A number of concerns should be heeded regarding the proposed Citizen's Advisory Committee: who chooses the community leaders is an important issue. The public at large should have representation on this committee. In addition, the committee meetings should be open to the public and media, and meeting notices posted well in advance in the media and online.

Questions should be asked of DEQ: why weren't additional safeguards and means for recycling the black liquor implemented prior to the occurrence of this ecological disaster? In addition, will the changes proposed bring the plant up to date and comparable to other paper mills around the world that have reduced their pollution significantly? It has not been posted exactly what is contained in the waste water that is not the black liquor, that is currently being discharged by Temple-Inland. Reports from residents of illness as a result of contact with the Pearl River should be investigated and residents given full access to medical care. In addition, reports that residents experienced, on July 27th, seepage of black liquor into their yards and water pipes should be investigated, and residents compensated for any health and physical damages.

The Slidell Sentry article details the harm to the environment and potential fines associated with the destruction of endangered gulf species:

Louisiana Department of Wildlife and Fisheries Secretary Robert Barham called the incident “a horrendous event” that was “horrific for the environment,” and related it to last year’s BP spill.

“We lost tens of thousands of mussels, hundreds of thousands of fish of at least 26 species, including 24 gulf sturgeon, an endangered species,” Barham said. “That’s like losing 24 bald eagles. It’s extremely serious.” Barham said the US Wildlife Service was called in to “follow up with us on that.”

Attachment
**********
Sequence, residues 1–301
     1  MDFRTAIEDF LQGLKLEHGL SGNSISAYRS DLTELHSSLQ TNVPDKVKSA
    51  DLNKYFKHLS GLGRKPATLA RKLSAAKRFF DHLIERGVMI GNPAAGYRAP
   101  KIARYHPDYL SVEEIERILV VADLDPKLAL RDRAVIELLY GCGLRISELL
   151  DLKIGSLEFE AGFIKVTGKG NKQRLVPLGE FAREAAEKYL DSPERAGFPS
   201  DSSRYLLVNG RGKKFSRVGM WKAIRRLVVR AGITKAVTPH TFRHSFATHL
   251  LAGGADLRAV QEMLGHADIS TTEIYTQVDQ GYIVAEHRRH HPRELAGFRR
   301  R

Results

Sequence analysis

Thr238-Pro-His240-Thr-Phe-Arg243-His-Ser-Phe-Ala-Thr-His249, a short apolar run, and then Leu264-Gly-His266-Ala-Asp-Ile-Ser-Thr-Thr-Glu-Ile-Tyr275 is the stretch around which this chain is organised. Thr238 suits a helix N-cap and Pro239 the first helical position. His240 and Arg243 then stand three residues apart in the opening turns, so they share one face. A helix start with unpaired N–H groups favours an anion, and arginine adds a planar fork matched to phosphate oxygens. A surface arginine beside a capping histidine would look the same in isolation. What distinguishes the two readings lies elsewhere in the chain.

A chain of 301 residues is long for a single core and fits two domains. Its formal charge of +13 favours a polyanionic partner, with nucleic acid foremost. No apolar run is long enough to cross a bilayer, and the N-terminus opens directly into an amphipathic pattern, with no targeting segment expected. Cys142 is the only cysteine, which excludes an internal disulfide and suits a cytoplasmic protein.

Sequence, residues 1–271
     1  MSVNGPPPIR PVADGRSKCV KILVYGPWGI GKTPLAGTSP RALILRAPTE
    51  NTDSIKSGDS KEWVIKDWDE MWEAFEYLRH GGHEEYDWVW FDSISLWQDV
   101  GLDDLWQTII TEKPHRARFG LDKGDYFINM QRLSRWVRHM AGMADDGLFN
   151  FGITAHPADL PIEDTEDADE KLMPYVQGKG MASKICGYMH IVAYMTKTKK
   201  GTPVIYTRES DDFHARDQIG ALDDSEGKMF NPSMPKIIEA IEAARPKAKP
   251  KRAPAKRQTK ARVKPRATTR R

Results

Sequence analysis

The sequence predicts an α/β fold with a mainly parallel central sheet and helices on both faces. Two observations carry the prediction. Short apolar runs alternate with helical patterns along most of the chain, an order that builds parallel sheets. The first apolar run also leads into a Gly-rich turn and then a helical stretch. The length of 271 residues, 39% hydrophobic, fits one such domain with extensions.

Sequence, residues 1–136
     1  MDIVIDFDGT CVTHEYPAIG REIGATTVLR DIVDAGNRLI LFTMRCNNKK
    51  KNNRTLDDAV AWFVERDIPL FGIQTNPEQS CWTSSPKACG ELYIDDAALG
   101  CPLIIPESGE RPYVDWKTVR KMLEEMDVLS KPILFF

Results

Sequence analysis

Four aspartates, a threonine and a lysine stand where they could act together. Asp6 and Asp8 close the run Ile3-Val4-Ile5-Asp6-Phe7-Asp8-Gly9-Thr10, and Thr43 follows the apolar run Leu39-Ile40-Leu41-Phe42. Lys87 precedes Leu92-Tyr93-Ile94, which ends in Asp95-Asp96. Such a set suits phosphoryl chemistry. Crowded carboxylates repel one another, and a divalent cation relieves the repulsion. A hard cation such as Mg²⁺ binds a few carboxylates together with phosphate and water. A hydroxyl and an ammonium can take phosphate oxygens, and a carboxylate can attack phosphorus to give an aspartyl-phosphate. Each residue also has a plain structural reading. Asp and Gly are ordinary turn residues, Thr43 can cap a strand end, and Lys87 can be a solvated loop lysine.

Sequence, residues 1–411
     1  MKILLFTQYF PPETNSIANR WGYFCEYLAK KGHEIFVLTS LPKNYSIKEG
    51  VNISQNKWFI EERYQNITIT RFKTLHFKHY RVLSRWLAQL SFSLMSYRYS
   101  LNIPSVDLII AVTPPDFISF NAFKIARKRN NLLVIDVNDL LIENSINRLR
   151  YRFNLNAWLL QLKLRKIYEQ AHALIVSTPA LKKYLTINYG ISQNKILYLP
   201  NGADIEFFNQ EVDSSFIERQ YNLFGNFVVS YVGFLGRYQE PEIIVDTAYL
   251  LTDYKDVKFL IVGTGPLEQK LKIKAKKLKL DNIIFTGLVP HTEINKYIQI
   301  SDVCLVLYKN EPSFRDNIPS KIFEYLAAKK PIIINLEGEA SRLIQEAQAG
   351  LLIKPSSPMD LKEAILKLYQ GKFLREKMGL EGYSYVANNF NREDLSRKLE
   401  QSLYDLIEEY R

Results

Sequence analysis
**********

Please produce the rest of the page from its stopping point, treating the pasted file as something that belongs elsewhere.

When asked if it is safe to go fishing, Morrell said, “According to DEQ safeguards, I’d probably wait a little longer.”

While the T-I penalties are not yet known, Sen. A.G. Crowe said that he’s heard that the taking of just one gulf sturgeon generally merits $50,000 and/or one year in prison.

Mike Wood of the Department of Wildlife and Fisheries said the Pearl River is the home of 100 fish species. The DWF preliminary count of fish shows that 26 species were affected by the discharge. He said some of the fish were darters, perch, catfish, paddlefish and the endangered Gulf Sturgeon. Stymiest said the parish collected 22 of the sturgeon. She said the penalty for killing the fish, which are on the Endangered Species List is a fine of $50,000 and/or a year in jail for each one killed.

Wood said there is still some question on whether turtles and otters were killed in the incident.

It was made clear from the beginning of this incident that turtles and otters were dying, and this was considered "unusual" in that they don't breath the water. Certainly these species come in contact with the water though, lending credence to an incident of chemical poisoning, and not just an incident of "oxygen depletion" as DEQ has suggested.

Analysis of the safeguards implemented by the company is needed by independent scientists to ascertain whether the plant is doing all that it can to reduce as much pollution from the paper mill as possible. In addition, it is important to monitor the fines and penalties so that they equal the crime.